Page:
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Suf. No marvel, an it like your majesty, My lord protector's hawks do tower so well; They know their master loves to be aloft, * And bears his thoughts above his falcon's pitch.
Glo. My lord, 'tis but a base ignoble mind · That mounts no higher than a bird can soar. • Car. I thought as much; he'd be above the
clouds. • Glo. Ay, my lord cardinal; How think you by
that? Were it not good, your grace could fly to heaven?
* K. Hen. The treasury of everlasting joy! • Car. Thy heaven is on earth; thine eyes and
thoughts • Beat on a crown*, the treasure of thy heart; Pernicious protector, dangerous peer, That smooth’st it so with king and commonweal! • Glo. What, cardinal, is your priesthood grown
peremptory? * Tautæne animis coelestibus iræ? • Churchmen so hot? good uncle, hide such malice; · With such holiness can you do it?
Suf. No malice, sir; no more than well becomes So good a quarrel, and so bad a peer. Glo. As who, my lord ? Suf.
Why, as you, my lord; An't like your lordly lord protectorship. Glo. Why, Suffolk, England knows thine inso
lence. Q. Mar. And thy ambition, Gloster. K. Hen.
I pr’ythee, peace,
4 i.e. thy mind is working on a crown. So, in The Tempest, Miranda says:
• For still 'tis beating in my mind.' Act i. Sc. 2. And Prospero:
* Do not infest your mind with beating on
Good queen; and whet not on these furious peers, For blessed are the peacemakers on earth.
Car. Let me be blessed for the peace I make, Against this proud protector, with my sword! Glo. 'Faith, holy uncle, 'would 'twere come to that!
[Aside to the Cardinal. Car. Marry, when thou dar’st. [Aside. * Glo. Make up no factious numbers for the matter, • In thine own person answer thy abuse.
• Car. Ay, where thou dar’st not peep: an if thou
• This evening on the east side of the grove. [Aside. K. Hen. How now, my lords?
Believe me, cousin Gloster, • Had not your man put up the fowl so suddenly, • We had had more sport.—Come with thy twohand-sword.
[Aside to Glo. Glo. True, uncle. Car. Are
advis'd?—the east side of the grove? Glo. Cardinal, I am with you.
[Aside. K. Hen. Why, how now, uncle Gloster ?
.Glo. Talking of hawking; nothing else, my lord.— Now, by God's mother, priest, I'll shave your crown
for this, * Or all
· Protector, see tot well, protect yourself.} [Aside.
K. Hen. The winds grow high; so do your sto
5 Vide St. Matthew, v. 9.
6 The two-hand-sword' was sometimes called the long sword, and in common use before the introduction of the rapier. Justice Shallow, in The Merry Wives of Windsor, boasts of the exploits he had performed in his youth with this instrument. In the original play the Cardinal desires Gloster to bring his sword and buckler.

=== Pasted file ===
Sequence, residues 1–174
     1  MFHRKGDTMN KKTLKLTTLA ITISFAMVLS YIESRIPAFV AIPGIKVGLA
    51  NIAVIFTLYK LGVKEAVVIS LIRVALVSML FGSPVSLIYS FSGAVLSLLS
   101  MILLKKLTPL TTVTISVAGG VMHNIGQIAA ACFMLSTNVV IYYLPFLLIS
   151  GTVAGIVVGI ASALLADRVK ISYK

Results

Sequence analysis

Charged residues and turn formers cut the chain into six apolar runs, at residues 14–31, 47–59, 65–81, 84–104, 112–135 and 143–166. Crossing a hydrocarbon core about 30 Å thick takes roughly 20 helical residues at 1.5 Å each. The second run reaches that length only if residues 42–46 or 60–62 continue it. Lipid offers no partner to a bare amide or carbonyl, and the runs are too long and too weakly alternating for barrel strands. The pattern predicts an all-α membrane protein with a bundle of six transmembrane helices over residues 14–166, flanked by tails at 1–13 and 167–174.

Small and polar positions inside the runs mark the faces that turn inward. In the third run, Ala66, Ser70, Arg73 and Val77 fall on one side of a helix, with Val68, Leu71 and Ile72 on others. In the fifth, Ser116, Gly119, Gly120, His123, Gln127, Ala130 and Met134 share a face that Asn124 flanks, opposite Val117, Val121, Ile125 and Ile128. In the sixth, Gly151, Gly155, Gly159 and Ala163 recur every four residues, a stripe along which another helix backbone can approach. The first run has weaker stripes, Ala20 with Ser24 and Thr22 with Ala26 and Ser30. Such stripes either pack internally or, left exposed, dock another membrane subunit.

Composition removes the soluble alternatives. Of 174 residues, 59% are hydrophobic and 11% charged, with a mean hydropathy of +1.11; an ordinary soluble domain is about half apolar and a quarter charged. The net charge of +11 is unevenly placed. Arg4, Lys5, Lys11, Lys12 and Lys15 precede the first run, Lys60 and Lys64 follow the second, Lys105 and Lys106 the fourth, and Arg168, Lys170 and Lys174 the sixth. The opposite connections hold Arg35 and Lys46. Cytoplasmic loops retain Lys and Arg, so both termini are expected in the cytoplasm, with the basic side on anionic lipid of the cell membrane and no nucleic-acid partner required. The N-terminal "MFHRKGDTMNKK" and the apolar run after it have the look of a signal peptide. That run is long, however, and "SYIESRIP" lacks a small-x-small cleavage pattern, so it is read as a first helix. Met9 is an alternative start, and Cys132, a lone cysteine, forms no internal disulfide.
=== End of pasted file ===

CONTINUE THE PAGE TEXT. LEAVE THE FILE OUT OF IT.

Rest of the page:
? Fence is the art of defence.
* How irksome is this musick to my heart!
Enter an Inhabitant of Saint Albans, crying,
A Miracle 8!
Inhab. A miracle ! a miracle!
shrine, Within this half hour, hath receiv'd his sight; A man, that ne'er saw in his life before. *K. Hen. Now, God be prais'd! that to believing
souls • Gives light in darkness, comfort in despair!
Enter the Mayor of Saint Albans, and his Brethren;
and SIMPCox, borne between two Persons in a Chair; his Wife, and a great Multitude following.
* Car. Here come the townsmen on procession, * To present your highness with the man.
* K. Hen. Great is his comfort in this earthly vale, Although by his sight his sin be multiplied. * Glo. Stand by, my masters, bring him near the
king, * His highness' pleasure is to talk with him. * K. Hen. Good fellow, tell us here the circum
8 This scene is founded on a story which Sir Thomas More has related, and which he says was communicated to him by his father. The impostor's name is not mentioned; but he was detected by Humphrey Duke of Gloster, and in the manner here represented. See More's Works, p. 134, Edit. 1557.
* That we for thee may glorify the Lord.
Simp. Born blind, an't please your grace.
have better told.
great to thee: • Let never day nor night unhallow'd pass, • But still remember what the Lord hath done.
Q. Mar. Tell me, good fellow, cam’st thou here
by chance, * Or of devotion, to this holy shrine ?
• Simp. God knows, of pure devotion; being callid « A hundred times, and oftner, in my sleep • By good Saint Alban; who said,-- Simpcox, come; • Come, offer at my shrine, and I will help thee.
Wife. Most true, forsooth; and many time and
Ay, God Almighty help me!
A fall off a tree.
How long hast thou been blind?
What, and would'st climb a tree? Simp. But that in all my life, when I was a youth. * Wife. Too true; and bought his climbing very
dear. * Glo. 'Mass, thou lov’dst plums well, that
would'st venture so.
Simp. Alas, good master, my wife desir'd some
damsons, • And made me climb, with danger of my life.
* Glo. A subtle knave! but yet it shall not serve.· Let me see thine eyes :—wink now;—now open
them: * In my opinion yet thou see'st not well. Simp. Yes, master, clear as day; I thank God,
and Saint Alban. Glo. Say’st thou me so? What colour is this
cloak of? Simp. Red, master: red as blood. Glo. Why, that's well said: What colour is my gown
of ? Simp. Black, forsooth; coal-black, as jet. K. Hen. Why then, thou know'st what colour jet
is of ? Suf. And yet, I think, jet did he never see. Glo. But cloaks, and gowns, before this day, a
many. * Wife. Never, before this day, in all his life. Glo. Tell me, sirrah, what's
Simp. Saunder Simpcox, an if it please you, master. Glo. Then, Saunder, sit thou there, the lyingest
knave In Christendom. If thou hadst been born blind, Thou might'st as well have known our names, as thus To name the several colours we do wear. Sight may distinguish of colours; but suddenly To nominate them all, 's impossible.